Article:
Digital Detox

Somewhere along the way, smartphones and tablets changed from being our favourite new toys to something more like little pocket dictators. Now increasingly health and fitness experts, top business people and even more doctors and psychologists, are urging us to step away from the apps, unplug the email and up our offline time.


While your mind is fogged with grief, scattered by shock or trauma, or bone tired in the re-building a whole life, it makes sense to reduce unnecessary stimuli. That could mean screening calls from certain people but it definitely includes exposing yourself to less screen time.


Of course there are purists. The people who can embrace and sustain a raw food diet are probably great at living device-free. I say: where’s the fun in that? If you ditch junk food for salad, the occasional bit of junk food tastes sooooo much better. So this is not about teaching your kids how to operate a payphone in an emergency – though that’s not a bad idea. It’s about allowing you to take back a bit of control. Spend less time with your phone and when you two do get together, you’ll be so much happier to see it.


  1. Set yourself some obstacles

Buy a watch so you don’t have to look at your phone so much. Buy a phone case with a zip so it’s harder to get at your phone. Store your tablet and laptop in a drawer, or even another zipped case, so that you have to get them out to use them rather than have them sitting out and available all the time.


  1. Put your phone to bed

When you go to sleep, leave your phone in another room, ideally switched off. Tell your closest friends and family that you are cutting down use of your mobile phone so if there’s an emergency, to try your landline first. As you might recently have learned, when something very bad happens, the police turn up at your door. Anything else can wait until morning.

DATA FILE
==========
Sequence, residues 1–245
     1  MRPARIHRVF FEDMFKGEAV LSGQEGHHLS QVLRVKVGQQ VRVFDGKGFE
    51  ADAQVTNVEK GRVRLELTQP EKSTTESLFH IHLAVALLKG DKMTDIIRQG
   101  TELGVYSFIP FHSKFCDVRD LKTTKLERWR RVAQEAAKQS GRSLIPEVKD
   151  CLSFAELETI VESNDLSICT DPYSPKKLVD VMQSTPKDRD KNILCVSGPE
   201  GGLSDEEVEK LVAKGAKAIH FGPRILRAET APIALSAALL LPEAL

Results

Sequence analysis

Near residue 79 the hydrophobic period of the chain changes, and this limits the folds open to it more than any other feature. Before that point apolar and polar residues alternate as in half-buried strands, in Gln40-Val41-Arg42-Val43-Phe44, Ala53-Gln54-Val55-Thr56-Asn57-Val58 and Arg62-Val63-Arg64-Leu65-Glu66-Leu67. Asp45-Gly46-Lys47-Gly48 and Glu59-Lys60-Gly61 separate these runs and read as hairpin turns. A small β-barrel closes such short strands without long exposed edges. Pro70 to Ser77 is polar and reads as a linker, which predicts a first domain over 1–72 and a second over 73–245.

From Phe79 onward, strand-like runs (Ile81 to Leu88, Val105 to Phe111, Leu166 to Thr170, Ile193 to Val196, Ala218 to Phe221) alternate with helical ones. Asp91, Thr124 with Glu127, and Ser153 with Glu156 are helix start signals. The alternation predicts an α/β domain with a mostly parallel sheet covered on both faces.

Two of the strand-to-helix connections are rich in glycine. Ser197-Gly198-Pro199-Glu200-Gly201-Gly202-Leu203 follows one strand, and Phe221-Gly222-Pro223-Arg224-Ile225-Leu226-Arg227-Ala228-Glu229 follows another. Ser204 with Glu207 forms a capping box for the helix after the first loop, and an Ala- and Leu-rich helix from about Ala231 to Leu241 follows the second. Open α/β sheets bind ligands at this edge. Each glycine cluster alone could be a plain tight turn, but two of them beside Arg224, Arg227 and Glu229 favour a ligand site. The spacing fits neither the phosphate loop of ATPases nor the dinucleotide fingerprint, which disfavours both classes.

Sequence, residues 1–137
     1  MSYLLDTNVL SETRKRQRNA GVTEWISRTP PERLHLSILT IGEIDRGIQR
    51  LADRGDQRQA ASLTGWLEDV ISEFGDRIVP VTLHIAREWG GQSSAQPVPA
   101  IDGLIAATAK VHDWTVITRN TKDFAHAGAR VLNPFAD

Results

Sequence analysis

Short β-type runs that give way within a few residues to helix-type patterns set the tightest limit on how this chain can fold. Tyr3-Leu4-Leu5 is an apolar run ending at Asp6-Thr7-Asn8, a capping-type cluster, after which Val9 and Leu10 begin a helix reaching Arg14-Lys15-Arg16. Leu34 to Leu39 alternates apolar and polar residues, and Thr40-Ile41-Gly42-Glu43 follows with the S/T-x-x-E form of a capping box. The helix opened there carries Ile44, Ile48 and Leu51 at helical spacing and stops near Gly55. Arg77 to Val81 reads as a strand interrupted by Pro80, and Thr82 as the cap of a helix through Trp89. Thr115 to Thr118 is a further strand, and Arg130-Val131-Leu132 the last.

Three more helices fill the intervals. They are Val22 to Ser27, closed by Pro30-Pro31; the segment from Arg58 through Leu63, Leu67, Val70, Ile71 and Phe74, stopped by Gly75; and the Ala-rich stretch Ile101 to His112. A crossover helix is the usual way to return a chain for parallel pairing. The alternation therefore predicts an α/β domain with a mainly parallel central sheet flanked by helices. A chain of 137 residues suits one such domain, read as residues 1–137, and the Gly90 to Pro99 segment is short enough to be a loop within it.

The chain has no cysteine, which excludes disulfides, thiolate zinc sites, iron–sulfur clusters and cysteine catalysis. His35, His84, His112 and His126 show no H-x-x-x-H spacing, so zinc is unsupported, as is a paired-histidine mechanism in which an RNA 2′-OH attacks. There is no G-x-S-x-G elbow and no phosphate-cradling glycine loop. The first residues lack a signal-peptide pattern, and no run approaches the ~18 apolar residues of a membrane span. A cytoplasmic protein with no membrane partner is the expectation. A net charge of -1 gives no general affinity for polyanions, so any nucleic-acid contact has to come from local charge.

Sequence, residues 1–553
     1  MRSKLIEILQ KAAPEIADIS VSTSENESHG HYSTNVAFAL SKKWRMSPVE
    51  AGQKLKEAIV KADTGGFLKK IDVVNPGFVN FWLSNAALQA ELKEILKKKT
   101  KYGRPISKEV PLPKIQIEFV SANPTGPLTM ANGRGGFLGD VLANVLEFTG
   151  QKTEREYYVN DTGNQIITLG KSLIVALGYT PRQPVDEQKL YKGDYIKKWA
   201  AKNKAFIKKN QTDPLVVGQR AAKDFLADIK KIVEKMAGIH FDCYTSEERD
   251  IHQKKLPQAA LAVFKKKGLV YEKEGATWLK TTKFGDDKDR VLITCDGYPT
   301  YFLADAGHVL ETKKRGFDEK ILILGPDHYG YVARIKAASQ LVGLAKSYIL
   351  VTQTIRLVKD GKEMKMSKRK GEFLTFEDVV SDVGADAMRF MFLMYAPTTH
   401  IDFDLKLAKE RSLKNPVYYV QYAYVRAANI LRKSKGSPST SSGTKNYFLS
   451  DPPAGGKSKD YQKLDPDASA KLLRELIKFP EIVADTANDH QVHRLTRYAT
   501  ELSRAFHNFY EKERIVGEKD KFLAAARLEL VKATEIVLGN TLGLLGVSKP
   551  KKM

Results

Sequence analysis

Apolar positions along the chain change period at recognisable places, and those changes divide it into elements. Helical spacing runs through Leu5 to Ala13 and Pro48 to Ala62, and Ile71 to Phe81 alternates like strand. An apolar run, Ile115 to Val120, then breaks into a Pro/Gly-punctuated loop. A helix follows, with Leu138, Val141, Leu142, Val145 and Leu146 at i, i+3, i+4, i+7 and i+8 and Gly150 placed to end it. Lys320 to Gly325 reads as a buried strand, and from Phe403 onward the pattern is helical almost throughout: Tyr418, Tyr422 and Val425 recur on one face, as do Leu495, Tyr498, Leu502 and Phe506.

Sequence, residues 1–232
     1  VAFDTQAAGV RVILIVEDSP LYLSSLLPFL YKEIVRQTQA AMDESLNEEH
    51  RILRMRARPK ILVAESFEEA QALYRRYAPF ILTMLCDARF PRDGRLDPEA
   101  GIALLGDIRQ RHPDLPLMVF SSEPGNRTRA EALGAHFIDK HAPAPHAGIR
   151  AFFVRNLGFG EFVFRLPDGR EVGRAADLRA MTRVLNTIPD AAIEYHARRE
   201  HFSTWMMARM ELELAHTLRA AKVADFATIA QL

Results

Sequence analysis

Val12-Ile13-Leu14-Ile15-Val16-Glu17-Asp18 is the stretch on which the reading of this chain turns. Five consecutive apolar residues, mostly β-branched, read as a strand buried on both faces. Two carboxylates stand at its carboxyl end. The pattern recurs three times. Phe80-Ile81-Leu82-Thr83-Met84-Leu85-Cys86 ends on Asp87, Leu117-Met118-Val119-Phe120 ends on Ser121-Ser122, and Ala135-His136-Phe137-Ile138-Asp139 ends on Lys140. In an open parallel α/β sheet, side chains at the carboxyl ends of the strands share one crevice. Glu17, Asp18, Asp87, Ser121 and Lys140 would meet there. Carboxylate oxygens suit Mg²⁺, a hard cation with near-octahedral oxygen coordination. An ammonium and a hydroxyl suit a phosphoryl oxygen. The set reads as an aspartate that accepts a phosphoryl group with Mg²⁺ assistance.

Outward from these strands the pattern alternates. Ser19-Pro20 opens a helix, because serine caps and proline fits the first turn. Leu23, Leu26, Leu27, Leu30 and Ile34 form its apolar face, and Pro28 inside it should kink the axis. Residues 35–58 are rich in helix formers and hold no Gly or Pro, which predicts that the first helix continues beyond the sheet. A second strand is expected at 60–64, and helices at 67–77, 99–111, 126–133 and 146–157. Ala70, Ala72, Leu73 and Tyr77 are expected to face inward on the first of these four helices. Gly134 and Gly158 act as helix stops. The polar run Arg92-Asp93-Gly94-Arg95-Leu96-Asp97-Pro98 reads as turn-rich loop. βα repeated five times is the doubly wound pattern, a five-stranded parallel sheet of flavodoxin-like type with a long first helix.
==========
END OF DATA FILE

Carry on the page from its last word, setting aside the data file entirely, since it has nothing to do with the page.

1. Create a new routine

Confine your checking of non-work email, social media and playing with apps to the bits of your day or week when they best fit. But only choose one bit of each day. This could be your evening commute home if you take public transport; sitting in your car waiting to pick up your kids from stuff; or waiting in the queue at the Post Office. Now when you get the urge to check on something you can tell yourself you’ll do it on the train at 6pm or tomorrow while waiting for judo club to come out. Then you get to feel like you’re catching up with your online pals instead of having them follow you around, tugging on your sleeve all day.


  1. Cut the pings and beeps

Go to the bit on your phone and tablet that controls alerts and notifications and anything with the word “push” in it and start switching things off. Your new routine means now you know when you’re going to check in on things, you don’t need to be called to look at them all the time. Mute. Off. No.


  1. Substitute

It’s hard to give up one pattern of behaviour if you don’t have something to fill the gap left behind. Plan some healthy substitutes so that you don’t fall into a new unhealthy pattern. Each time you want to reach for your phone or tablet to muck around, do one of these instead: eat a piece of fruit; make a cup of tea; take the dog for a walk; step into the garden and take some energising breaths of fresh air; read a page or more of a book; do a yoga stretch (if you have to Google this, do something you know already instead); try the crossword in your newspaper (not the online version); phone someone you haven’t spoken to in a while and have a conversation; dust the television; take the bins out; pick a poem (from a book not an ebook) and try to memorise it; take up the kind of hobby that fits well into odd moments, like crochet.


If you spend a lot of time indoors and on your own, the temptation is much higher than when you’re out and about or with people so take this as an opportunity to make some bigger changes in your life.


  1. Unsubscribe unsubscribe unsubscribe

Shops send emails to try to make you give them your money. You know this. If you’d like to get rid of some of your money, there are financial experts in that kinda thing. Allow yourself more time to consider how you manage your money by unsubscribing from all emails that you don’t read. You’ll find the word “unsubscribe”, often in tiny font, right at the bottom of the message.


  1. Set yourself free

Build on your progress. Leave the house without your phone. Go a whole day without looking at your phone. Have a digital-free weekend.


Image by / Marina_Poushkina

First published in Widows and Widowers magazine Issue 15

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